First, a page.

Wednesday, May 25, 2011

Horrific Housing Data Predicts Continued Economic Sluggishness

It's no secret that the housing sector has been a drag on the US economic recovery. But different pundits are putting different spins on the recent data showing flat April home sales at, to quote Kelly Evans from the Wall Street Journal, "a seasonally adjusted annual pace of 300,000."

Evans compared current sales to the past with this chilling passage,

"Unless sales pick up materially this year, 2011 will mark a sixth year in a row of new-home-sales declines and the fewest sales since records began being kept in 1963. One statistic tells the story: The 323,000 new homes sold in 2010 was less than 60% of the number of new homes sold in 1963, even though the population today is nearly two-thirds bigger."

According to Evans, "housing is the business cycle."  She concludes her Ahead of the Tape column by contending,

"We are stuck today, as in the 1930s, in a household recession triggered by excessive debt levels. These, unfortunately, can take many years- not months- to fix."

It's now almost ten full years since 9/11, when Alan Greenspan lowered rates and kicked off the post-technology equity bubble mortgage finance orgy. What is so troubling is that it apparently never occurred to Greenspan, nor his successor, current Fed chairman Bernanke, that allowing the housing sector to create its own asset bubble would be such a crippling, lasting mistake.

Whereas the technology company bubble involved much intangible value which rapidly grew, then shrank, in web-based business, the housing sector bubble left real physical assets that have overhung the market in ways not seen for literally decades in the US economy's recession-expansion dynamic.

Reading Evans' column gives one pause to wonder how, if the last two Fed chairman could make such a huge, fundamental mistake with their gross mismanagement of the money supply and associated interest rates, just why are we so afraid of significant change at the Fed. Perhaps in the direction of Friedman's automated monetary policy ideas?

Surely before 2000, the Fed contained at least a few capable staff economists who knew of the historic role a vibrant, growing housing sector had in driving the US economy. Were they really completely blind to how the easy money policies of Greenspan were building a large pool of unaffordable housing? Even during the bubble, the Wall Street Journal and CNBC regularly featured pundits who pointed to unaffordable ratios of mean income/mean home price and their changes.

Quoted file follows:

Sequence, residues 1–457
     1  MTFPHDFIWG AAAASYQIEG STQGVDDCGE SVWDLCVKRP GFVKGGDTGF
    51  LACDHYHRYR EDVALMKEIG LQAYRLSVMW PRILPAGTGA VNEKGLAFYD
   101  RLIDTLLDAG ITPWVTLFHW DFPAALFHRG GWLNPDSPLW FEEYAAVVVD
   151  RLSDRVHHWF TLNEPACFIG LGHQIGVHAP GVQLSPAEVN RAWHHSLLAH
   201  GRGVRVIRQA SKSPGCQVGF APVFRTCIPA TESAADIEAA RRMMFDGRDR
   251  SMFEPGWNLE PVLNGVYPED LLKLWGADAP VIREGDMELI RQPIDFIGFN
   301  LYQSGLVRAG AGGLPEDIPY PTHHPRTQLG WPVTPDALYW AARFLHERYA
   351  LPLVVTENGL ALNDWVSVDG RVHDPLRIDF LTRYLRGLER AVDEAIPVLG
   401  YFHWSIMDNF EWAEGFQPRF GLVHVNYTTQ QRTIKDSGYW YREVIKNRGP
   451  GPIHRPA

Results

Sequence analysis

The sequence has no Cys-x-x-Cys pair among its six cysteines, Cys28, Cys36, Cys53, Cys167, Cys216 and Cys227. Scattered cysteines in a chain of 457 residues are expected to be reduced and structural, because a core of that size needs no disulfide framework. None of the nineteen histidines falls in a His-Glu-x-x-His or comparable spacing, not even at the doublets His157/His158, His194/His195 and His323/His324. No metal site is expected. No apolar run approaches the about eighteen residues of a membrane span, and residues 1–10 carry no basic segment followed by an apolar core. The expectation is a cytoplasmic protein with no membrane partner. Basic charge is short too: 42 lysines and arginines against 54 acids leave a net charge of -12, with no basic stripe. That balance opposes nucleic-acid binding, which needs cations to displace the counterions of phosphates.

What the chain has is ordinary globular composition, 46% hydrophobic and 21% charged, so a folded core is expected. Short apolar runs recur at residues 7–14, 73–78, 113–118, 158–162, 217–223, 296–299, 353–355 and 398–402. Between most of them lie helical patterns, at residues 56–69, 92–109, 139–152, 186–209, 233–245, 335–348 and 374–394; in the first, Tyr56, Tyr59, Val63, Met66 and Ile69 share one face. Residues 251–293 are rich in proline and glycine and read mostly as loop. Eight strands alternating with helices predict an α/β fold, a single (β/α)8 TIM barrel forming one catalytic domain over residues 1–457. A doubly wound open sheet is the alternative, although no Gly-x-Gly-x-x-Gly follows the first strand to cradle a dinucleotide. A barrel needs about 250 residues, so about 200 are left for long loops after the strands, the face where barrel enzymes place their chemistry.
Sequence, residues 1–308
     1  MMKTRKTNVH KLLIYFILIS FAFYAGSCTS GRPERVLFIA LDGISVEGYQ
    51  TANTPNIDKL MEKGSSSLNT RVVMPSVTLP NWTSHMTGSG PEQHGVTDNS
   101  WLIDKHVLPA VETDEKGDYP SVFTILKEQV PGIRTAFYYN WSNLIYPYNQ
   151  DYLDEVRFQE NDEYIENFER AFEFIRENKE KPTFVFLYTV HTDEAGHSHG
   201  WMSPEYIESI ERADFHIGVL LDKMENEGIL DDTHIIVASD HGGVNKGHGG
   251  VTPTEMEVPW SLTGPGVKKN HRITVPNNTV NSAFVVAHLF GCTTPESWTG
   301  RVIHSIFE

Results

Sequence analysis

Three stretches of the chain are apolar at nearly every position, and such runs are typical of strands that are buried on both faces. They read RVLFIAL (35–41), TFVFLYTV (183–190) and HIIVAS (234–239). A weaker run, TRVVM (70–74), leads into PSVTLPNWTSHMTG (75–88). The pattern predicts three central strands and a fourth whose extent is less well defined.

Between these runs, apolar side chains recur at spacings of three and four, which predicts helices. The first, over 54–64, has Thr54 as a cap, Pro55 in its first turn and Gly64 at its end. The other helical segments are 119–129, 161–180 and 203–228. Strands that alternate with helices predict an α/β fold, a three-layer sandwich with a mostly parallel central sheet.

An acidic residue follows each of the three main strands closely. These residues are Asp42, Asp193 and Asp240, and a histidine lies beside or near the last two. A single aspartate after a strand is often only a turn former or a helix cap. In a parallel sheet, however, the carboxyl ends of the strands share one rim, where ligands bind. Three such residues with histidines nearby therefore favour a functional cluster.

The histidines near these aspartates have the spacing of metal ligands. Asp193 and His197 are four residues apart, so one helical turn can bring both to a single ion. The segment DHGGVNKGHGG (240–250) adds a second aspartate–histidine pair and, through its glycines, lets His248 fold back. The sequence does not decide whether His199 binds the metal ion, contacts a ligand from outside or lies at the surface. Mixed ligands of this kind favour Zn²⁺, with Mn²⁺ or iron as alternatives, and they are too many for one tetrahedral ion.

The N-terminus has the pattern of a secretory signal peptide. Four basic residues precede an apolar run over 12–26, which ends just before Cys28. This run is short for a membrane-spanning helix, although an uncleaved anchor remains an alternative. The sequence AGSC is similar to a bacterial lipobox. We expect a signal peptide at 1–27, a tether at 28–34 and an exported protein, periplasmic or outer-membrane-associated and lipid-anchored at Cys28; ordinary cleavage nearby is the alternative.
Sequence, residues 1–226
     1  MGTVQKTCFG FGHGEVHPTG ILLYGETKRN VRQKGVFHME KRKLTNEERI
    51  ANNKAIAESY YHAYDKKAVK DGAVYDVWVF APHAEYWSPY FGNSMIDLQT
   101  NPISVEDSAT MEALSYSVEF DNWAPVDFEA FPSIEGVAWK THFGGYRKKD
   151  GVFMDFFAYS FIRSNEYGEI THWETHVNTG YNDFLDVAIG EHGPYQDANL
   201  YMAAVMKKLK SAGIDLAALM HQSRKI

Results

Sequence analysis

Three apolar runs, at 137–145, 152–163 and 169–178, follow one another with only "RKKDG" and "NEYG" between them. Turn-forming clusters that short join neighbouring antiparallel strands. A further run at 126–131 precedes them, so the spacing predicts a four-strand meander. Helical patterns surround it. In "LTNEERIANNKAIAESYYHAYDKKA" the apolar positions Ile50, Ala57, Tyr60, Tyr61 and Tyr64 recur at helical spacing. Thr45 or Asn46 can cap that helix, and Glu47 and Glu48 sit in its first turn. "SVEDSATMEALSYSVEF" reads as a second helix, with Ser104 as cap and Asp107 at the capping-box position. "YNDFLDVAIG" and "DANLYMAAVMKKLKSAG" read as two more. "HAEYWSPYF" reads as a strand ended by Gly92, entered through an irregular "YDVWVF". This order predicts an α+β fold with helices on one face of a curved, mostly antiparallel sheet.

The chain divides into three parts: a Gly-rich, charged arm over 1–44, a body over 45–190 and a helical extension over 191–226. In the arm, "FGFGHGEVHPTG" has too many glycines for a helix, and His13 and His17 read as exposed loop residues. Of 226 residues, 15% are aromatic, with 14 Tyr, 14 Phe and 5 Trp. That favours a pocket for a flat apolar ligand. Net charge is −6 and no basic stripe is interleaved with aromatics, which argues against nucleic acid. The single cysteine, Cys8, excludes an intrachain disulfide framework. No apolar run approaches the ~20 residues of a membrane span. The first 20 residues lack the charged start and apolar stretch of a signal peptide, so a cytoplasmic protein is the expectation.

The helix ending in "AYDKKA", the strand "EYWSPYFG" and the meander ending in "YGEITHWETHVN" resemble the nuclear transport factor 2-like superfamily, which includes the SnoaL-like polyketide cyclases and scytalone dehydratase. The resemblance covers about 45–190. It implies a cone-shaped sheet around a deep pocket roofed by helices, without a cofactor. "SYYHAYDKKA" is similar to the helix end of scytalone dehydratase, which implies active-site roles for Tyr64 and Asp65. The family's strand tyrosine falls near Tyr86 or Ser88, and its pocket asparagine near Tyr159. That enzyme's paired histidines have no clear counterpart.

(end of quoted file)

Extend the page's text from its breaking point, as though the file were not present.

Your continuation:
Now that we're saddled with the outcome of the housing-fueled financial mess and its effect on the economy, as Evans notes, we have both physical housing assets and excessive household debt related to it. Plus the continuing depressive effects of soon-to-be-foreclosed houses on the values of currently-occupied homes on which mortgages are still being paid.

While some pundits have suggested literally plowing unoccupied housing under, to magically reduce their affect on the value of existing homes, some entities will have to record those permanent losses. Equity will be destroyed.

Is that really a cure for what ails the US economy now? Is it really intelligent to simply zero out even more housing value on bank balance sheets? Or transfer the losses to government balance sheets?

Meanwhile, recent housing news is abuzz with forecasts of more price declines, perhaps fueling even more foreclosures. At this rate, who in their right mind would borrow- or lend- to build a new home?

I can't help but think that most of this mess, including the cocaine-like effects of QE2, are just more symptoms of our inability to let market forces work on problems like the housing bubble.

Michael Steinhardt opined as much in a March, 2009 appearance on CNBC. I wrote at the time of Steinhardt's observations, including these two,

"The current administration seems to be attempting to skip the 'restructuring of debt' step necessary to any economic recovery, and moving directly to flooding markets with liquidity, while leaving inept managements, such as auto makers and commercial banks, intact, rather than force them through bankruptcy. Steindhardt clearly indicated a disbelief that this will work or be productive.

-What is meant by a "depression" in our current environment? Due to automatic stabilizers, i.e., transfer payment mechanisms, Steinhardt believes that an unemployment rate as low as 12% will trigger consumer behaviors and public sentiment generally associated with much higher 'depression' unemployment levels."

Kelly Evans' focus on the horrific current housing statistics seem to reinforce Steinhardt's thoughts of over two years ago. Unemployment and housing sector activity are certainly related. So continued severe weakness in the latter is continuing to have an impact on the former. And there seems, as Evans contends, to be no simple nor quick resolution.

No comments: